The Crystal Maze is Coming Back!

Do you remember back to when times were good? No impending doom or missile attacks or bomb threats, just sat down around a TV and watching a random group of people humiliate themselves while you sit at home and gloat that you could have done it better. Yes, I am talking about that old gem (pun intended) that is The Crystal Maze. I used to sit at home on a Sunday afternoon watching re-runs while removing the similar fake crystal curtain pole ends to pretend with.

The show was all about conquering the crystal maze with as many crystals (and contestants) as possible. The more crystals equalled more time and more people meant a higher chance of catching golden tickets in the final round. To get to the final round, a small team had to take on multiple challenges based in four different sections of “The Crystal Maze”. Each section would be similar to the others, but with a dissimilar theme; including Industrial, Aztec, Futuristic and Medieval.

The show finally came to and end in 1995 when the show wasn’t renewed for further seasons and the set remained unused and finally dismantled in 1999. That’s until some die hard fans took it upon themselves to start an IndieGoGo campaign to bring the show back to life. The trio launched the campaign in hopes to get just £500,000, but the public saw this and donated a huge £933,000 to make sure this happens.

Why such a big threshold? Well it’s not for a TV show, this time you can purchase a £50 ticket and run amock in the authentic remade set with Richard O’Brien narrating in certain spots and he may even be your host. It is being rebuilt in a secret part of London which is “easily accessible” according to the FAQ, let’s hope it doesn’t stay secret for much longer.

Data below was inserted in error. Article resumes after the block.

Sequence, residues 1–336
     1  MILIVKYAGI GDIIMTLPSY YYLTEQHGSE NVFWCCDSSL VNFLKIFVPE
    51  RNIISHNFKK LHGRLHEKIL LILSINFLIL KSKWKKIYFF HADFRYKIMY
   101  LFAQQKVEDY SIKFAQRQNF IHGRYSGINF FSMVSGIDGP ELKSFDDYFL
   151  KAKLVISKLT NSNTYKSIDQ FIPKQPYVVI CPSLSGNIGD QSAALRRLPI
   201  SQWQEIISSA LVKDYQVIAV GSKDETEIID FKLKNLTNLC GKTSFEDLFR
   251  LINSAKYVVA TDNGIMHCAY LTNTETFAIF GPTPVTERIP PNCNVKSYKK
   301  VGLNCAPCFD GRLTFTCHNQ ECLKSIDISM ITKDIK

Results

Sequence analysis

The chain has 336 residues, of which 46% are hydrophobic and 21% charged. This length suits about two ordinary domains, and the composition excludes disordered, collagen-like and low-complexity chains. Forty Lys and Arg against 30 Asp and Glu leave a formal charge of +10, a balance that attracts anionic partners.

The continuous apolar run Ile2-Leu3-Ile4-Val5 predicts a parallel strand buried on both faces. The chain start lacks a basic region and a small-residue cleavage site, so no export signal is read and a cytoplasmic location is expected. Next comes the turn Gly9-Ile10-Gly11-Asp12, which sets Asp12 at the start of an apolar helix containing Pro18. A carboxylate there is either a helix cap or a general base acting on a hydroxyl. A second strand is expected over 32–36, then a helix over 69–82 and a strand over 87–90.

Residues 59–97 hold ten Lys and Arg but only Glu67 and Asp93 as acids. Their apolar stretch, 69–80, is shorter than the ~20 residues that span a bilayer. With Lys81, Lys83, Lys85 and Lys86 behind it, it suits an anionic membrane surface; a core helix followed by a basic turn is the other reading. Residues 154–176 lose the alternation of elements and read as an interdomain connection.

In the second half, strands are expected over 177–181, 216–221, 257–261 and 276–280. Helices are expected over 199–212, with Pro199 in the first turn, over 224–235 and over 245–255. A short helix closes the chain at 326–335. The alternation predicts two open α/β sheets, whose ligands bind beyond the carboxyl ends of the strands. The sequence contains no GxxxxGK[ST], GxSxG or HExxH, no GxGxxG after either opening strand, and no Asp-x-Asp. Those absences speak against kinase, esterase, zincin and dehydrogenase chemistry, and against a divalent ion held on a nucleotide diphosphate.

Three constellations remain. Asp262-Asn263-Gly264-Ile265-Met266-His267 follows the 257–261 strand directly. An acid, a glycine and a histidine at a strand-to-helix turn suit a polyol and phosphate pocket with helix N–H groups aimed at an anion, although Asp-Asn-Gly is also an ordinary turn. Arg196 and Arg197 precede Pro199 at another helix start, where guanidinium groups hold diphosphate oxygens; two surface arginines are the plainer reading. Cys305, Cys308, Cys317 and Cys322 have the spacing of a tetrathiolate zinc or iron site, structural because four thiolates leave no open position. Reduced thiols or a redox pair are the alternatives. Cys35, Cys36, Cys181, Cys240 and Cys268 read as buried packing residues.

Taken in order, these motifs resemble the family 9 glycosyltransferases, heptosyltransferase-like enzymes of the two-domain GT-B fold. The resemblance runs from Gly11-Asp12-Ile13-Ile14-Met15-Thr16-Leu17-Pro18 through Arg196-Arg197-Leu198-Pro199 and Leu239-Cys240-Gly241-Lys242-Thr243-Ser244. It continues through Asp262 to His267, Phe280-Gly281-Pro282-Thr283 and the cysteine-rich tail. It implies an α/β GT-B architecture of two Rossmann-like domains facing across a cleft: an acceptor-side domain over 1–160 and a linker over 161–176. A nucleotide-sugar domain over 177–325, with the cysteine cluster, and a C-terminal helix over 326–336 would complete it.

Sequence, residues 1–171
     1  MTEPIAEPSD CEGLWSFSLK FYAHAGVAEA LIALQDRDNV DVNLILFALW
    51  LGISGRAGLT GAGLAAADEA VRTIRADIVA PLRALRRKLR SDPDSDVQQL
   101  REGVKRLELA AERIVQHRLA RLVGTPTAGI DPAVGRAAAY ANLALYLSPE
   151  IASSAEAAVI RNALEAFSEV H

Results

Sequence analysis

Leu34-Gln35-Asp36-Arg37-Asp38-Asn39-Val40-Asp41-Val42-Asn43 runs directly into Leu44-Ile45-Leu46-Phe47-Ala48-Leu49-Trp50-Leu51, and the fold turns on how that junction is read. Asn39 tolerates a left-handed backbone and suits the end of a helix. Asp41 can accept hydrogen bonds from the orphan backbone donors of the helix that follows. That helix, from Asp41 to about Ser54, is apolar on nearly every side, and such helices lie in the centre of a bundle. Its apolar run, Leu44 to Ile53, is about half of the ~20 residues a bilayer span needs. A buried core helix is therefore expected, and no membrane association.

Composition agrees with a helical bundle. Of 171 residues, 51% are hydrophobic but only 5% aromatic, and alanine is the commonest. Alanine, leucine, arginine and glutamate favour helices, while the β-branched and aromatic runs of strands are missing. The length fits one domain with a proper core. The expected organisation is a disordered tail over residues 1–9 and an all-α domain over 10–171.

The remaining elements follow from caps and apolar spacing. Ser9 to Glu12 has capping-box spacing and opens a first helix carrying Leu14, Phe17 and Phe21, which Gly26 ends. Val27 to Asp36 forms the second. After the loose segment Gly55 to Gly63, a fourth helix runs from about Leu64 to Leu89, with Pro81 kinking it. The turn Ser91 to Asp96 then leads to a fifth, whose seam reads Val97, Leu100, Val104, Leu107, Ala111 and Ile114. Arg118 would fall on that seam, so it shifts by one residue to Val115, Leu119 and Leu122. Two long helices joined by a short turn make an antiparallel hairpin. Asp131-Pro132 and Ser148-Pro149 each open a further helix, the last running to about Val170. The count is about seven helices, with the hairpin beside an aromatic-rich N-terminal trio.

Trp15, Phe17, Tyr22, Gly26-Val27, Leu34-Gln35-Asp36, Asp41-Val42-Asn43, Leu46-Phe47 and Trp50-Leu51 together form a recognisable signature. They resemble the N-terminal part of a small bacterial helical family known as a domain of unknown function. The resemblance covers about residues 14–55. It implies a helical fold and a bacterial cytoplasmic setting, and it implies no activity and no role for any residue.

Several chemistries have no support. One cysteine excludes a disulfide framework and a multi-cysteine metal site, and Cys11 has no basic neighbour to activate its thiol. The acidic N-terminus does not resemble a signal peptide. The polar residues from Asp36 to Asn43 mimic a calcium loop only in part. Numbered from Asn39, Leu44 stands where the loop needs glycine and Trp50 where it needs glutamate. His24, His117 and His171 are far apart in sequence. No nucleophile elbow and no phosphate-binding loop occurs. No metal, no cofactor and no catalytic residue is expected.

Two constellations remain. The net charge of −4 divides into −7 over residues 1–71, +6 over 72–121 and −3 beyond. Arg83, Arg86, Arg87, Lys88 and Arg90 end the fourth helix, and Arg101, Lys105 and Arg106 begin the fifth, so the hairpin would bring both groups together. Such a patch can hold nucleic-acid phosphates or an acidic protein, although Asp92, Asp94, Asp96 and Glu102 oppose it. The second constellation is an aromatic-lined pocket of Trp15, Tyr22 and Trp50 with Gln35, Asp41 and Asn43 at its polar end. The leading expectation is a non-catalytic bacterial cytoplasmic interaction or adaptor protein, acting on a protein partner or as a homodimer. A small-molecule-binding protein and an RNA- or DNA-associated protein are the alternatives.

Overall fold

This is probably something a portion of our readers won’t actually know what we’re on about with this, so for those who are interested here is a video of the first episode, enjoy!

https://youtu.be/TrDUdOgpNsI

LinkedIn Facing Lawsuit over Access of Email Accounts

LinkedIn has been ordered to stand trial by a U.S Federal judge over allegations from users that they have been sending and accessing emails without consent.

LinkedIn has been found to be accessing users email accounts, copying their address books and using this information to solicit business. This is seen as a loophole by some as users do agree upon sign up to allow LinkedIn to use their contacts to send an initial recruitment email – but give no authorization to send further reminder emails.

US district Judge, Lucy Koh (San Jose, California) stated:

“This practice could injure users’ reputations by allowing contacts to think that the users are the types of people who spam their contacts or are unable to take the hint that their contacts do not want to join their LinkedIn network.

“In fact, by stating a mere three screens before the disclosure regarding the first invitation that ‘We will not … email anyone without your permission,’ LinkedIn may have actively led users astray.”

Koh has given customers the green light to pursue their claims that LinkedIn has violated their right of publicity. She has dismissed other claims however, such as violation of federal wiretap laws.

Crystal Braswell declared on behalf of LinkedIn:

“We are pleased that the Court rejected plaintiffs’ unfounded “hacking” claims and found that LinkedIn members consented to sharing their email contacts with LinkedIn. We will continue to contest the remaining claims, as we believe they have no merit.”

View the full information on the class action lawsuit here.

Image courtesy of Ben Scholzen

 

AMD Announces the Specifications for its Upcoming Kaveri Mobility APUs